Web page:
On May 28, 2005, Brian Smith was delivering a car as a surprise gift to his mother. Chaos unfolded, however, when a trailer came loose in Morehouse Parish from a truck being driven by one of the defendants, Joshua Pruett. The truck, at the time, was being utilized as part of his delivery duties for Broubar, Inc., which was doing business as Acadia Crawfish. The trailer crossed the centerline and collided with the driver’s side of Mr. Smith’s car, and Mr. Smith died as a result of the injuries he sustained in the accident.
Mr. Smith’s mother, Gracie Smith, filed lawsuits against Acadia Crawfish, Pruett, Scott Broussard (the owner of Broubar, Inc.), and Farm Bureau as liability insurer and as Brian Smith’s uninsured motorist (UM) insurer. She later filed a separate lawsuit against Progressive Security Insurance Company and Broubar, Inc. The lawsuits were later consolidated into one lawsuit.
All of the parties to the lawsuit agreed that the defendants were liable for the accident because it was clear that the ball on the truck driven by Mr. Pruett was too small for the trailer hitch and he had not used any safety chains to ensure that the trailer would remain attached to the truck. They went to trial on the issue of damages for survival and wrongful death.
A survival action compensates the survivors for the damages suffered by a victim from the time of injury to the moment of his or her death. The cause of action is “inherited” – it belongs to the victim and is passed on at death. Damages in a survival cause of action can include the victim’s pre-impact fear, and if there is even a tiny amount of evidence showing any pain of suffering by a victim before his death, damages are warranted. The evidence in this case showed that the victim undoubtedly was in great fear as he attempted to avoid the collision. He had massive abdominal and chest injuries, with partial amputation of his lower left leg and hemorrhage in his brain. The Second Circuit therefore ruled that an award of $250,000 was not an abuse of discretion.
A wrongful death action, on the other hand, compensates the beneficiaries, usually family members, for their own injuries which they suffer from the moment of the victim’s death on. In this way, the wrongful death action belongs to the survivors, not the victim. Usually, the plaintiff in a wrongful death action can claim loss of love and affection, loss of services, loss of support, medical expenses and funeral expenses. In this case, Mr. Smith had supported her financially and was very close with her, more so than any of his eleven siblings. Awards for lost future income or support are, however, intrinsically difficult to calculate with absolute certainty and a plaintiff must be able to show an amount with reasonable certainty, not rely on mere speculation. Mrs. Smith was a widow and her only source of income was Social Security. As a result, she relied heavily upon the money her son often gave her. Except for an error in calculating the value of the car that Mr. Smith was driving, the appellate court affirmed all other aspects of the wrongful death action and Mrs. Smith was awarded a total of $584,368 for compensatory damages, loss of support, loss of services, and funeral expenses.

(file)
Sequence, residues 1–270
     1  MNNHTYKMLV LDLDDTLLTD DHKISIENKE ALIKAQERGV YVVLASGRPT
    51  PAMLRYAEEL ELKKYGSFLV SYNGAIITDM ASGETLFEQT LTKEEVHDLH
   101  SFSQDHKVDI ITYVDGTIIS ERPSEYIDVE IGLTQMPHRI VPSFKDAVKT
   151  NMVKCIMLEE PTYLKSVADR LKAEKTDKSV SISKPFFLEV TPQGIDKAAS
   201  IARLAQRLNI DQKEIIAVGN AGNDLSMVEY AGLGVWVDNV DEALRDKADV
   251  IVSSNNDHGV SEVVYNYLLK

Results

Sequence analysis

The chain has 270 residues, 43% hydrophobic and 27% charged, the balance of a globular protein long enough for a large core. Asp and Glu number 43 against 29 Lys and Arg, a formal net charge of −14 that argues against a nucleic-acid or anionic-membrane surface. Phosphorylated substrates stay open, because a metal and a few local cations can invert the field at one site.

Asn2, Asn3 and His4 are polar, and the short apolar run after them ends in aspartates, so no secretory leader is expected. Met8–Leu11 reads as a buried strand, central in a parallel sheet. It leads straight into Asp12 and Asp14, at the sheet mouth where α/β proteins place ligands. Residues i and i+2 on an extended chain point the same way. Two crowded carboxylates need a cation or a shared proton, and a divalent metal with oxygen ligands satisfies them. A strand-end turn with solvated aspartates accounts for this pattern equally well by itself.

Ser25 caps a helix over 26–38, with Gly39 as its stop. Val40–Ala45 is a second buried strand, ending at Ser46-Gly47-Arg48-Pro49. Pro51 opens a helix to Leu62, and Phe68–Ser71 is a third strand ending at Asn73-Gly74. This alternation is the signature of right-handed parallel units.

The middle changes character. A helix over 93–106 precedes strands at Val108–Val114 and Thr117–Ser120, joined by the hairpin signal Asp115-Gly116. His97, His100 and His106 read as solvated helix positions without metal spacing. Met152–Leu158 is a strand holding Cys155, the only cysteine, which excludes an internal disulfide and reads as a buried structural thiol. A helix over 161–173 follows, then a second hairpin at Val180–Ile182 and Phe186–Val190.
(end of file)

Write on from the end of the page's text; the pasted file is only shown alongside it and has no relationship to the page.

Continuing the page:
Progressive Insurance appealed the trial court’s determination that it was the primary insurance carrier for a substitute truck and was therefore liable for damages. Mrs. Smith had settled out of court with Farm Bureau for $100,000 under the liability coverage and $10,000 under the UM coverage. Farm Bureau then wanted to be indemnified by Progressive Insurance and filed a cross claim against Progressive. If the truck, which was a temporary truck (a 1998 Dodge) being driven by Mr. Pruett because the one he usually drove was being repaired, was insured by Progressive, then Progressive would ultimately be responsible for paying damages. The 1998 Dodge in connection with the trailer was found to be one vehicle and was a “temporary substitute vehicle” which, under La. R.S. 22:1296 requires insurance companies to extend coverage to temporary substitute motor vehicles. The 1998 Dodge was owned on paper by Broubar, Inc., but was normally used by Mr. Broussard, and he considered it his personal truck. The trial court found that all of the companies that Mr. Broussard owned were operated independently, so the truck could not be seen as an uninsured vehicle belonging to Broubar, Inc. (which would disqualify it from being a temporary substitute vehicle and, therefore, being covered by the policy). An insurance company cannot escape liability by not defining “temporary substitute vehicle” in its policy. The trial court ordered Progressive to pay all the damages, and that determination was upheld on appeal.
Although obviously complex, insurance dispute is a subject matter that attorneys like ours feel comfortable navigating. If you have any questions regarding a matter like this, it is important to consult with an attorney about your legal rights.
If you have been involved in a matter similar to this, the Berniard Law Firm may be able to answer some of your questions. Call us today, toll-free, at 1-866-574-8005 and speak with a lawyer who can help you.